Flight from Syria

What I’d like to share with you this afternoon is one of the Pulitzer Center's new media projects—an e-book called "Flight from Syria: Refugee Stories"—a look behind the scenes at the lives of refugees. "Flight from Syria" brings together unique perspectives from nine of our journalists, all Pulitzer Center grantees.

We started planning our e-book a year ago at a time when the world paid scant attention to Syrian refugees. As you may remember, it was not until this past August that news coverage took a dramatic turn. The image of Aylan Kurdi, the three-year-old boy, carried out of the sea by his father, was on the front page of every major paper, as well as on the evening news.

Other stories of pain and suffering followed reminding us time and again that well more than 4 million Syrians have fled—one of the largest displacements of modern times. More than 15 million Syrians have been affected—they are cold, hungry or starving, sick, some gravely ill, many now jobless. Young girls and their parents may be facing a difficult choice—opting for early marriage to ensure survival. Other children collect garbage to earn a few pennies. Archaeological sites, including the 2000-year old temple at Palmyra—have been looted or destroyed—the antiquities scholar at Palmyra beheaded. Refugees continue to be exploited: This past weekend we learned that 2,500 life jackets to be used by refugees were seized by Turkish police. They were deemed unsafe.

In recent months, we have also been touched by stories of kindness and generosity—the Icelandic author, Bryndis Bjorgvinsdottir, started a Facebook group to call for her country to take in 5,000 refugees, well more than the 50 the country had agreed to help. 13,000 were quick to join the Facebook group, many offering to pay for flights and host refugees.

Our e-book, Flight from Syria, delves into the history of the current situation, the underlying policies, and the human face of war. It draws on reporting our grantees did for a range of news outlets since 2012—from The New York Times and NPR to the New York Review of Books and the BBC. It can be viewed on an ipad, computer, or smartphone, is free, and includes photographs, informational graphics, and links back to each of the reporting projects.

In Flight from Syria, our journalists went behind the scenes to examine the lives of refugees and provide a testament to their suffering and courage—glimpses into their hearts and minds.

Hugh Eakin and Alisa Roth look at what has been lost—the collapse of one of the Arab world’s most diverse societies. They wonder: What happens when one brother turns against another? They show us life in a Turkish city, not far from the Syrian border, one now transformed to become a “little Aleppo.” Refugees struggle to re-create the life they left behind—through tradition, song, food, and yes, the coffee.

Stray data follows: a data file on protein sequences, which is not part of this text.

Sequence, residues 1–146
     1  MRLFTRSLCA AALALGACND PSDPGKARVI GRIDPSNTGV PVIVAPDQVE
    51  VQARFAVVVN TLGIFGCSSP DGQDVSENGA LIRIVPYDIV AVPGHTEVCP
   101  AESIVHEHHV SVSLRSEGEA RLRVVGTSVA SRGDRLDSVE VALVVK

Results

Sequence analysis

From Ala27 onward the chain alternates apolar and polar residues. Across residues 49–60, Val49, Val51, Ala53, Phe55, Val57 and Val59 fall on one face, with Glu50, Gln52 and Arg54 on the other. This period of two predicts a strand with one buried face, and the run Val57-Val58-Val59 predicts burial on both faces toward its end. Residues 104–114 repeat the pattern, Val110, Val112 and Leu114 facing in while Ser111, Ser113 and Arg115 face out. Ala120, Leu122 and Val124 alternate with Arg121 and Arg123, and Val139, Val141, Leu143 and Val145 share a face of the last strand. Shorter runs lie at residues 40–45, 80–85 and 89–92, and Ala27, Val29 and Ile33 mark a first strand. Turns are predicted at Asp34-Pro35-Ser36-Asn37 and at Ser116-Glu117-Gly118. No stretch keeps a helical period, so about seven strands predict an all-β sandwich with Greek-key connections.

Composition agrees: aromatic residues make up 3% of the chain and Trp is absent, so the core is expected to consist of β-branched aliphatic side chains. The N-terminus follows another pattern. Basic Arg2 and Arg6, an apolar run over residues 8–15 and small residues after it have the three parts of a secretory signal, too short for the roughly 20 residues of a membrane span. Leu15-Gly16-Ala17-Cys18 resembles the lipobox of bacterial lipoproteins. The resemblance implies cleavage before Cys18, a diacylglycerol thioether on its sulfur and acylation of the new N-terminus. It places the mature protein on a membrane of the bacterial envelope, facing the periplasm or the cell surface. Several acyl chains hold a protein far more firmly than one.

Other journalists tell of Syrian Armenians whose ancestors had fled to Syria a hundred years ago—finding a safe haven from the Ottoman genocide. Or of the Palestinians who had come from Syria and now find themselves forced to leave—yet barred from entering other countries. Everywhere a closed door.

The nine contributors to Flight from Syria ask: “What can we do?”

In many countries ordinary citizens have answered the call. Joanna Kakissis takes us to Greece, Germany and Sweden where some refugees have found jobs and adequate healthcare. Family members who have been separated for months, or even years, are reunited.

Stephen Franklin introduces us to three remarkable Syrians who only recently escaped: a former high school science teacher who now conducts make-shift classes for young refugees, a lawyer who assists other refugees without pay, a pediatrician who heals the wounds of injured fighters.

Lauren Gelfond Feldinger reports from Jordan where Syrian volunteers are working with refugee children. They use art, photography, music, sports and team-building games to teach non-violent problem solving.

During one session a child draws a picture of helicopter dropping bombs on a bleeding house. Flowers grow around it. When asked why she made the drawing she answers, “I saw my aunt’s house bombed…she’s dead.” The volunteer is shaken when he sees the drawing, but he knows the art serves as therapy—a way to heal.

The program leader, Nousha Koubawat, a young Syrian woman, wants to prepare the next generation to rebuild Syria—to get beyond the (quote) “traumatic memories and harrowing losses” and to instill optimism through self-expression. Koubawat believes in hope, saying, “The hope we are selling in this project is everything.”

When I interviewed Haitians on the aftermath of the 2010 earthquake, I found a people who like many of today’s refugees are blessed with grace and vitality, perseverance and strength. The Haitians love proverbs and there is one that kept them going through thick and thin. They like to say: “Little by little the bird builds its nest.”

Refugees can leave their homeland behind, but it is more difficult to escape the consequences of the war—or erase psychological and emotional scars. Our journalists have found that grassroots organizations, such as the one Nousha Kabawat started, can provide much needed support—taking a holistic approach to heal both body and soul.

It is because of them that children will grow up not only with dark memories, but with expectations, dreams and promises of a new life. And little by little the bird builds its nest.

(For information on downloading "Flight from Syria," see